I am thankful for Virginia Woolf because, well, her writing is there to give me a good kick in the rear whenever I might be feeling a little too full of myself.  All I need to do is read the first page of The Waves and it’s like she’s speaking to me – Megan, now, you’re really not as smart as you sometimes think you are!  Silly Girl!  It’s true.  I own a fair number of her books, but have only successfully read two from beginning to end – To the Lighthouse and Mrs. Dalloway.  Some day, though, I hope to read them all.

Paradise by Toni Morrison

Read any book by Toni Morrison and you will be floored.  Her work is honest, raw, and powerful.  Paradise was the first book by her that I picked up to read that wasn’t a required reading book for school.  My praise for this novel is similar to my praise for Lolita – it’s poetic and beautiful.  Every page left me stunned by her power over the english language and left me wanting more.  Her work is a palpable reminder that there are still incredibly talented authors writing in the present-day.

The Millennium Trilogy by Stieg Larsson

Prior to reading these books, if you ever asked, I would have told you that I had absolutely zero interest in ever reading a series.  Back to back books written by the same author, featuring the same characters, and, most likely, written in a similar style, didn’t sound like a good time to me.  I’m all about variety.  Right?  Well, at the recommendation of a close friend, I gave these books a try.  I immediately fell in love with Lisbeth Salander and the intricate tales that Larsson was the master at weaving.  I am left wanting many, many more of these books.

I’m sure that after I post this, I am going to immediately think of a slew of other books and/or authors that I should have included.  The above list covers the best of the best, however, in my heart.  I am thankful to be literate and to have access to so many wonderful books – between Amazon, local bookstores, libraries, and my time studying literature in college, I am incredibly wealthy in this regard.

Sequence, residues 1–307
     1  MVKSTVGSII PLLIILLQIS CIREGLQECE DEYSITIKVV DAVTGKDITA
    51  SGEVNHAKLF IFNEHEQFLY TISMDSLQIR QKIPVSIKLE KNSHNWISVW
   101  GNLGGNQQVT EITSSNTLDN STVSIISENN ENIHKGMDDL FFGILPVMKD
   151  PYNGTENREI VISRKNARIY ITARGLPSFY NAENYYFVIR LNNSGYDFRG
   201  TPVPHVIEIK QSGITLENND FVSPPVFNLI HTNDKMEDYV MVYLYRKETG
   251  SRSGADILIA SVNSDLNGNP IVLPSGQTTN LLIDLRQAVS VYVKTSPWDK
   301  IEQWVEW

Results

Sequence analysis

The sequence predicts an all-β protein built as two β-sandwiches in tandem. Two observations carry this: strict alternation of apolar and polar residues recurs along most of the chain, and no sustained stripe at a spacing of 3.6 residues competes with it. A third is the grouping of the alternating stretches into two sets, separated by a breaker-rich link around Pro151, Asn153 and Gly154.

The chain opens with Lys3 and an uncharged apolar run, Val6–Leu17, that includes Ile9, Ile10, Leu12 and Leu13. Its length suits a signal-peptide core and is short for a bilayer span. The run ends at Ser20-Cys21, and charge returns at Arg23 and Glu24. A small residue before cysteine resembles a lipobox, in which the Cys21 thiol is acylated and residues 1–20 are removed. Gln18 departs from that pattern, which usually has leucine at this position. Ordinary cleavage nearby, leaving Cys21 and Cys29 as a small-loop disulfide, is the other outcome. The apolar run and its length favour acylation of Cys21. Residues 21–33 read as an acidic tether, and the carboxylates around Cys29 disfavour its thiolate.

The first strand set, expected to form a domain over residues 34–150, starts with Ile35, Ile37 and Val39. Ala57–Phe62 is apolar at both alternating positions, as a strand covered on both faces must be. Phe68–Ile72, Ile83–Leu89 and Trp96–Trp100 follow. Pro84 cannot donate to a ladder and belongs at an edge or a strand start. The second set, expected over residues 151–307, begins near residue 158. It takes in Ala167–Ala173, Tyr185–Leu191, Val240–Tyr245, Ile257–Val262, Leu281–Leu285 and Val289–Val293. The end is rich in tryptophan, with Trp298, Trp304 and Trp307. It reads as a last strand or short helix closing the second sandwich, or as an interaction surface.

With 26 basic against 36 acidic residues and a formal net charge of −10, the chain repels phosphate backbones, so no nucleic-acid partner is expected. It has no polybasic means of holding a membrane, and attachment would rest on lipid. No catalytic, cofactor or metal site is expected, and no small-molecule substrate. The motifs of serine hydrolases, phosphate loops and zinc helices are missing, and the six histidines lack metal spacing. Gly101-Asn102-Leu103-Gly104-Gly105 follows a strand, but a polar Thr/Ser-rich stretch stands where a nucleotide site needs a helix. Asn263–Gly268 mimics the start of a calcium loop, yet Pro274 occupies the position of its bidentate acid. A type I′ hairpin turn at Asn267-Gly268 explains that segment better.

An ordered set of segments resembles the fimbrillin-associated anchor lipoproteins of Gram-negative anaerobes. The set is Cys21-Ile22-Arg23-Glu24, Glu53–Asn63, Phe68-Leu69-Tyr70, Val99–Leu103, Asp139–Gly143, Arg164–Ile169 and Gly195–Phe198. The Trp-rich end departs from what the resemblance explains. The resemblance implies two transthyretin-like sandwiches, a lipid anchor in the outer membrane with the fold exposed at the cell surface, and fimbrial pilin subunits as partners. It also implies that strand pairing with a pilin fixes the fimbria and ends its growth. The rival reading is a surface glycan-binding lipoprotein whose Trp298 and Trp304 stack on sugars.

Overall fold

What books are you thankful for?

3 Comments

Filed under Books, Classics, Collections, Emily Bronte, Favorites, Joyce Carol Oates, Nabokov, Series, Stieg Larsson, Sylvia Plath, Ted Hughes, Toni Morrison, Women Writers, Wuthering Heights

Quotable Monday

I first read Wuthering Heights in high school and immediately fell in love with Heathcliff.  Perhaps this makes me more than a little insane, but I’d like to contend that I was just a very weird child.  Yes, the intensity of Heathcliff was alluring to a young girl who had yet to experience her first real love, but now I fully understand that suffering a romantic relationship with Heathcliff would be more trouble than it’s worth.  Regardless, the manner in which Cathy explains her love for Heathcliff captures something about the dreamiest experience of love.  It blew me away at sixteen and still floors me eleven years later…

I cannot express it; but surely you and everybody have a notion that there is, or should be an existence of yours beyond you. What were the use of creation if I were entirely contained here? My great miseries in this world have been Heathcliff’s miseries, and I watched and felt each from the beginning; my great thought in living is himself. If all else perished, and he remained, I should still continue to be; and if all else remained, and he were annihilated, the Universe would turn to a mighty stranger: I should not seem a part of it. My love for Linton is like the foliage in the woods. Time will change it, I’m well aware, as winter changes the trees — my love for Heathcliff resembles the eternal rocks beneath — a source of little visible delight, but necessary. Nelly, I am Heathcliff — he’s always, always in my mind — not as a pleasure, any more than I am always a pleasure to myself — but as my own being — so, don’t talk of our separation again — it is impracticable.

1 Comment

Filed under Favorites, Quotes, Wuthering Heights